FIG. 9D shows a phase locked loop system 290 which includes a voltage-controlled rotary clock oscillator 292, an optional frequency divider 294, a phase/frequency comparator 296 and a charge pump 298. The output of the voltage controlled rotary clock oscillator 292 FOUT is fed to a divider 294, such as a moving spot divider described above. The output of the moving spot divider and a frequency reference are compared in the phase/frequency detector 296, which drives the charge pump 298 up or down, depending on the direction of the phase difference. The output of the charge pump 298 controls the frequency and phase of the rotary clock oscillator 292. Also included in the feedback path, between the oscillator output and the frequency divider, is an interpolator 300, such as the interpolator described above. The insertion of the interpolator 300 causes the rotary oscillator to run at a fractional of N frequency when in lock. The circuit adds or subtracts frequencies from the PLL feedback path causing the PLL to lock the rotary clock cleanly to a different non-integer frequency (the PLL locks the output of the interpolator to Fref (F2=F1 in the PLL)), but because a frequency is added or subtracted by the interpolating precession circuit, the rotary clock frequency has to be a locked to a little higher or lower frequency. Multiple frequency synthesizer circuits can be added to one rotary clock to have auxiliary outputs at different frequency and phase relationships. This circuit eliminates the need to design a fractional-N PLL. All that is needed is an integer N PLL to which the interpolator can be added to obtain the fractional divide. The advantage of this circuit is that arbitrary frequencies can be synthesized with no added phase noise.

As an example, assume Fref=100 MHz, and that the divider 294 in the loop is a divide-by-32 i.e., /N=/32. In the nominal case with no interpolator 300, the rotary oscillator 292 runs at 3.2 GHz, which when divided by 32, matches the reference frequency. If it is desired that the rotary oscillator have a frequency of 3.456 GHz, (where the divide ratio is 34.457), then the interpolator 300 is placed in the feedback loop to provide the 0.2567 GHz difference. If the interpolator is being clocked with a divide-by-2 divider, such as the spot divider described above, then the counter is operating the interpolator at a rate 1.72835 GHz. This frequency is 6.733 times faster than the frequency difference of 0.2567 GHz needed to get the rotary oscillator to operate at the frequency of 3.4567 GHz. By having the interpolator move 53.4 degrees (360/6.733) for each step, the desired frequency of the rotary oscillator is obtained. Thus, taps are chosen on the rotary oscillator so that the interpolator changes 53.4 degrees each time the counter operating the control inputs of the interpolator is changed; after a total of 6.733 steps of the interpolator the frequency of the rotary oscillator changes by 0.2567 GHz. Though the numerical example illustrates the effect of the interpolator, the implementation is not direct. In practice, the implementation includes a coarse adjustment using an integer divider and fine tuning using offset from the interpolator.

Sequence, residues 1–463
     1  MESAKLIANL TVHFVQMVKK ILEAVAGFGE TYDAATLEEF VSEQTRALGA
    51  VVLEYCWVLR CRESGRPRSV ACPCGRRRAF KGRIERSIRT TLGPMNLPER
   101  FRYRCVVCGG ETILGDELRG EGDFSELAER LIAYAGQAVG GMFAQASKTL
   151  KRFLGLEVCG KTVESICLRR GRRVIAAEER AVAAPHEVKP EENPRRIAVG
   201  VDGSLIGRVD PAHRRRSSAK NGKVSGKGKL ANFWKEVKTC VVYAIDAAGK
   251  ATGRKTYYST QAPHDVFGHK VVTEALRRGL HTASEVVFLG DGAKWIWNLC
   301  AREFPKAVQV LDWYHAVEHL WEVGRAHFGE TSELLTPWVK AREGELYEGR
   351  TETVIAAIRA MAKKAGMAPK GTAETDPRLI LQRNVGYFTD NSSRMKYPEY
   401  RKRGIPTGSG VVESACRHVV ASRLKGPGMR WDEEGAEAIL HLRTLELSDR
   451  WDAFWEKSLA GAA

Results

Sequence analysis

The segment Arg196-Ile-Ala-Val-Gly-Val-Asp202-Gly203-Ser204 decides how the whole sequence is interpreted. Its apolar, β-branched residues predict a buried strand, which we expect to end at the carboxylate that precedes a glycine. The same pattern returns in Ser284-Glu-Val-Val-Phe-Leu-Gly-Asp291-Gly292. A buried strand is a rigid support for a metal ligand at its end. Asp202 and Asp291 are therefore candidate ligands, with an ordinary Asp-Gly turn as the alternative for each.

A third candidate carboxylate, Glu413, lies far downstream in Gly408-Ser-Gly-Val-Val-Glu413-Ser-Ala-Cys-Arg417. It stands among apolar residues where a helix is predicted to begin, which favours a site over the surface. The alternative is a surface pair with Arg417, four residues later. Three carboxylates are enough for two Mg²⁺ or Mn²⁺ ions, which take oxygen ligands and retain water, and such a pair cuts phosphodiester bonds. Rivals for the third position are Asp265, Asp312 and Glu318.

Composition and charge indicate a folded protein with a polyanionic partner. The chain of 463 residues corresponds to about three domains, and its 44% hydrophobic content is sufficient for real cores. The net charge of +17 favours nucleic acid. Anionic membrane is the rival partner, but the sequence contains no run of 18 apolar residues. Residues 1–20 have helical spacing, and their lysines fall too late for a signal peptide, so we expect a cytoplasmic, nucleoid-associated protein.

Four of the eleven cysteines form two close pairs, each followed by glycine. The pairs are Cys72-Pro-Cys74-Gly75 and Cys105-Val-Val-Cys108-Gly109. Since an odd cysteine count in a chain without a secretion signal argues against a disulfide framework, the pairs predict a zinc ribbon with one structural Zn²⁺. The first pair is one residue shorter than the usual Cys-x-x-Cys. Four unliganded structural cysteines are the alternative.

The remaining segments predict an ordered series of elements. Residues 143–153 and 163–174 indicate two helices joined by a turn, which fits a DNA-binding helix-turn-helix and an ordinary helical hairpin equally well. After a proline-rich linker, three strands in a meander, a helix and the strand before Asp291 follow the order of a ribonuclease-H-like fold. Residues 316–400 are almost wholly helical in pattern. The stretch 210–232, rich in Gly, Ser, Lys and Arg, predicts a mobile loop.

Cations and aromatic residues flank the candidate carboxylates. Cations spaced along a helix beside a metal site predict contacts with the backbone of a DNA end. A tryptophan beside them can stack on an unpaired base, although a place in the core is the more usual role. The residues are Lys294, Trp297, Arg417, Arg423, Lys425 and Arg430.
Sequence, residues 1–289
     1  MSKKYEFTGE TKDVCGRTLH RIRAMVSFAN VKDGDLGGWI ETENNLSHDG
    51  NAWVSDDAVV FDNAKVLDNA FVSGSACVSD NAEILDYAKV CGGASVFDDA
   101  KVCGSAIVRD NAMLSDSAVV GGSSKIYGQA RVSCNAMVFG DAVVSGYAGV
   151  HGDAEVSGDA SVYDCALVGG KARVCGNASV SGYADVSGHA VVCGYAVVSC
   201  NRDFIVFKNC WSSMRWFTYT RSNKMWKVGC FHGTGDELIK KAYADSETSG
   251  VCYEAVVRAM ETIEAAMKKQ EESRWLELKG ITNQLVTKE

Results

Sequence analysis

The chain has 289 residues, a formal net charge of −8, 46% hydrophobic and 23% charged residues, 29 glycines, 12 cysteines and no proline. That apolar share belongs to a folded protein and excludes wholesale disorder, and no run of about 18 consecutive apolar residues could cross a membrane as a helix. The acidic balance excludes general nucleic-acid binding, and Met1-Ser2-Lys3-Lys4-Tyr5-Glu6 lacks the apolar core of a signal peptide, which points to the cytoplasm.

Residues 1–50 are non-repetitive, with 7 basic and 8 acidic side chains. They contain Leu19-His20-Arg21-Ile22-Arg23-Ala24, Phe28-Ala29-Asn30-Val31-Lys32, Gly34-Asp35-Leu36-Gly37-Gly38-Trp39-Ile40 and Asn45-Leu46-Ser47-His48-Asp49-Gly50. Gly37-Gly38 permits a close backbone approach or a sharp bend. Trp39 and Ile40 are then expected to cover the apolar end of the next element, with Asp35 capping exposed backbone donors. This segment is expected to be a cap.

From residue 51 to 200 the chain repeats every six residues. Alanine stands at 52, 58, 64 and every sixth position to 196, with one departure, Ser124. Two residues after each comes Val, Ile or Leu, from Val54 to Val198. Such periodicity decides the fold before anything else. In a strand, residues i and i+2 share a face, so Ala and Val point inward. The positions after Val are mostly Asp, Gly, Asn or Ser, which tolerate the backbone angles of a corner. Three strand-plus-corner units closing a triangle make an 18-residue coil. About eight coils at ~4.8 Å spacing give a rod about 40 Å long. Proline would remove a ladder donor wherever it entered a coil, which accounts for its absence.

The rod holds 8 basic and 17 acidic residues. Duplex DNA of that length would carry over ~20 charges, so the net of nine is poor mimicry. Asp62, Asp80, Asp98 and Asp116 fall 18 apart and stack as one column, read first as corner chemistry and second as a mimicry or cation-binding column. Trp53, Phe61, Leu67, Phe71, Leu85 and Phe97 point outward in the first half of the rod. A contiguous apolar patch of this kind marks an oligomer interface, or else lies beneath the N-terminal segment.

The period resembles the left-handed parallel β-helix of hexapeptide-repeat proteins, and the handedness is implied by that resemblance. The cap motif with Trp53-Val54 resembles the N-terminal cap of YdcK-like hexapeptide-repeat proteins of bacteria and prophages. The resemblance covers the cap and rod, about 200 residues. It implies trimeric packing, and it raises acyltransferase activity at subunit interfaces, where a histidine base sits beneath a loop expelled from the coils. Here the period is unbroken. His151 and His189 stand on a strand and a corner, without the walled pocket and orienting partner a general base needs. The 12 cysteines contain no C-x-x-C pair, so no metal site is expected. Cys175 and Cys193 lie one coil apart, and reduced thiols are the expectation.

Using the interpolated signal as the feedback in a PLL helps in the following ways. First, the rotary oscillator 292 itself is locked to Fref*N±offset. Any interpolator noise is filtered in the PLL loop filter to some extent, because the output of the charge-pump integrates multiple phase errors before feeding back to the rotary oscillator control voltage. The rotary clock is stronger, has lower phase noise, and is inherently multi-phase (compared to the output of the interpolator). A disadvantage of using the interpolator in the feedback loop is the response time of changing frequencies (have to wait for the PLL loop lock-in time), whereas an open-loop interpolated output can be adjusted instantaneously in phase and frequency (i.e., is frequency agile).

FIG. 10 shows an alternative means 310 for creating a lower frequency waveform. The embodiment includes a rotary clock 312, a divide-by-N circuit 314, a plurality of flip-flops 316, a capacitor array 318, and an optional load device 320. The rotary clock 312 provides a plurality of phases to the flip-flops 316 (only some of which are shown). The flip-flops 316 receive the phases of the rotary clock on the clock input and the output of the divide-by-N circuit 314 on the D input. The outputs of the plurality of flip-flops 316 are provided to the capacitor array 318 whose elements are chosen for the desired synthesized waveform. The frequency of the synthesized waveform is the input frequency divided by N. Optionally, a load device 320 may be connected to the output of the capacitor array to smooth the output.

FIG. 11 shows the waveforms for the case of a divide-by-six of the input clock. There are eight phases of the rotary clock available. This permits the synthesized waveform to have the controlled transitions times and the frequency shown.

Referring to FIGS. 10 and 11, in operation, during the high time of the divide-by-N output, the eight phases of the rotary clock are used to synthesize the transition of the output waveform. As shown in FIG. 11, the transition occurs during the first cycle of the rotary clock. If it is desired that the transition of the output waveform occur for additional cycles of the rotary clock, then a counter or shift register can be used to count the cycles needed and provide the extra control logic.

FIG. 12 shows a typical latch 340 for use in the divider. It includes first 342 and second 344 PMOS transistors and first 346 and second 348 NMOS transistors. When the clock input CLK 350 is low, node R is precharged and the Q output is in the high impedance state, because the second PMOS transistor 344 is off. When the clock input CLK 350 is high, and D is high, node R is pulled low, and the second PMOS transistor 344 is turned on, pulling Q high. If the CLK is high and D is low, then the Q output stays at its previous state.